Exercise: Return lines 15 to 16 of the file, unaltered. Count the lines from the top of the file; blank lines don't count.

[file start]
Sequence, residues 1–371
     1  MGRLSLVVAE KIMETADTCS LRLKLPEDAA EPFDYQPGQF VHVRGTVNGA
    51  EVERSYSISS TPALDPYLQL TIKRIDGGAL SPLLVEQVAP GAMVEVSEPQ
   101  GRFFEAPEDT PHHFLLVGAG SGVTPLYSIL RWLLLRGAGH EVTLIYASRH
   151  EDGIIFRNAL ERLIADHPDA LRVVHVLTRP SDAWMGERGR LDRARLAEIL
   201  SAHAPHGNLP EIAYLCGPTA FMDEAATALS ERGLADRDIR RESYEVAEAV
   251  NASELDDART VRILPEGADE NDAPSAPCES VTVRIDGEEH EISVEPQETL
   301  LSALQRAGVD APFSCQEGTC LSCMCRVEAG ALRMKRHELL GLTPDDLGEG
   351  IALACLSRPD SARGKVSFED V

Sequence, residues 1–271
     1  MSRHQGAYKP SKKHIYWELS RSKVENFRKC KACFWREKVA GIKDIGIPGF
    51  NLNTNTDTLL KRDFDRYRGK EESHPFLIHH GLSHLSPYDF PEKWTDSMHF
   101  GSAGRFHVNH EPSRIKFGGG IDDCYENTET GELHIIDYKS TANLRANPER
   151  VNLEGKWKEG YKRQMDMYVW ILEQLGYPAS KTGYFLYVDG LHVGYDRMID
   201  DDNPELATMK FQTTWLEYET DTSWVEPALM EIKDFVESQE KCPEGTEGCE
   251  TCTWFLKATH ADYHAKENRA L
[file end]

   201  DDNPELATMK FQTTWLEYET DTSWVEPALM EIKDFVESQE KCPEGTEGCE
   251  TCTWFLKATH ADYHAKENRA L